Predictors of mortality for patients admitted to the intensive care unit with obstructing septic stones
Keywords:septic stone, mortality, critical care, intensive care, obstructing stones
Introduction: Patients diagnosed with septic stone are at significant risk of morbidity and mortality should source control through drainage be delayed, and they are often admitted to intensive care units (ICU) for hemodynamic support. The purpose of this study was to determine patient factors that may predict mortality in patients admitted to ICU with septic stone, particularly whether rural patients at a greater distance from a tertiary care center were at greater risk of mortality given the inherent delay in intervention.
Methods: The Manitoba Intensive Care Unit prospective registry began in 1999 and includes all patients admitted to ICU across Manitoba. Baseline characteristics, such as age, gender, vital signs, creatinine, Charlson comorbidity index (CCI), mortality outcomes, and location of residency were obtained for those admitted to ICU for septic stone. Association between death and clinical/demographic variable was performed with adjusted multivariable logistical regression analysis.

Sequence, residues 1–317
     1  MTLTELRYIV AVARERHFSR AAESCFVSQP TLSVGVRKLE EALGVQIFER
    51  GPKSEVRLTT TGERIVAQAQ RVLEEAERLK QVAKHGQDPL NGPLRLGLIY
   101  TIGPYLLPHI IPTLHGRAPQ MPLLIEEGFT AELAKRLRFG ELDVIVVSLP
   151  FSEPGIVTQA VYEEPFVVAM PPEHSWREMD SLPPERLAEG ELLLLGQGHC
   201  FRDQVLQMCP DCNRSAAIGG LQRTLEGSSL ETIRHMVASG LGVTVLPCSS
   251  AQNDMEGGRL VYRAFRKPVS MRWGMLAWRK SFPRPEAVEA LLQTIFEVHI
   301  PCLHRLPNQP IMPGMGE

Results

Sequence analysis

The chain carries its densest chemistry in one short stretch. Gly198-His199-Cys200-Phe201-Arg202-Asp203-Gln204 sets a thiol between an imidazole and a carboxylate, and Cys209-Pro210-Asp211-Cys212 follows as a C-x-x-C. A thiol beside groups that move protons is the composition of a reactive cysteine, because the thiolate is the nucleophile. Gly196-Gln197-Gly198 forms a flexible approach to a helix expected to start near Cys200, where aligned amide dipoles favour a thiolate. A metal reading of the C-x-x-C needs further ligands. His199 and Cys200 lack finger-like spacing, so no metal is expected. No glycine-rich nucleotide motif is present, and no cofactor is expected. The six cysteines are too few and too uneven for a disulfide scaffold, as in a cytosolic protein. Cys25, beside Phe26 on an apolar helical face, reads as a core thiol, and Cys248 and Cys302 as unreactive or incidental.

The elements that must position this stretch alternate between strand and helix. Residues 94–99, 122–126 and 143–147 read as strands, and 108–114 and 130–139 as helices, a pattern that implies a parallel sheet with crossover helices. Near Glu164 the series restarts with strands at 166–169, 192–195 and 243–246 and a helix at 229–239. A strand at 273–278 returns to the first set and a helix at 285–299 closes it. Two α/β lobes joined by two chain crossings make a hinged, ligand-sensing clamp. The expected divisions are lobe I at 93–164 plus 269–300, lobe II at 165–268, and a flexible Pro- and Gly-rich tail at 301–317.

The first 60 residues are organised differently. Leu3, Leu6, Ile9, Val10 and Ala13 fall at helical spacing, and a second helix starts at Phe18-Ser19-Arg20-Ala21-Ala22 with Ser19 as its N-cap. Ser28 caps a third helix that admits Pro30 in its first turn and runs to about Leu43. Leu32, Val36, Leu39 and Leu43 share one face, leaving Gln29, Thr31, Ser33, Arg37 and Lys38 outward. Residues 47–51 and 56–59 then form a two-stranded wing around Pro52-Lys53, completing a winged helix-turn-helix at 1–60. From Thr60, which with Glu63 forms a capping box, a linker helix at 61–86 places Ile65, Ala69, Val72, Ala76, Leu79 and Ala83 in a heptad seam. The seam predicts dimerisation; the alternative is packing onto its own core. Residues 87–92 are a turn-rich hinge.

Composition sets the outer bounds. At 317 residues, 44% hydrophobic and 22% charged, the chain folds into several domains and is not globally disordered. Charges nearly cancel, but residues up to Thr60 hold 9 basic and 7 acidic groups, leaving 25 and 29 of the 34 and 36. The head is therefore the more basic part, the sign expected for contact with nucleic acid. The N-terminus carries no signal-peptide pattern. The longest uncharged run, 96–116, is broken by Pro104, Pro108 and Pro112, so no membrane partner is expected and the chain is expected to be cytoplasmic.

Results: A total of 342 patients admitted to the ICU were analyzed with a mean age of 63.5±15.5 years. Baseline characteristics were similar between groups (p>0.05). On multivariable adjusted logistical regression, the presence of acute kidney injury (AKI) (p<0.001) and intubation (p<0.001) were associated with mortality. There was no difference in mortality attributable to location of residency, vital signs, or CCI.
Conclusions: Among patients admitted to the ICU for septic stones in Manitoba, we demonstrate an association between AKI and intubation with mortality. Other factors, such as whether patients were from a rural region and baseline patient characteristics, were not predictive of mortality.
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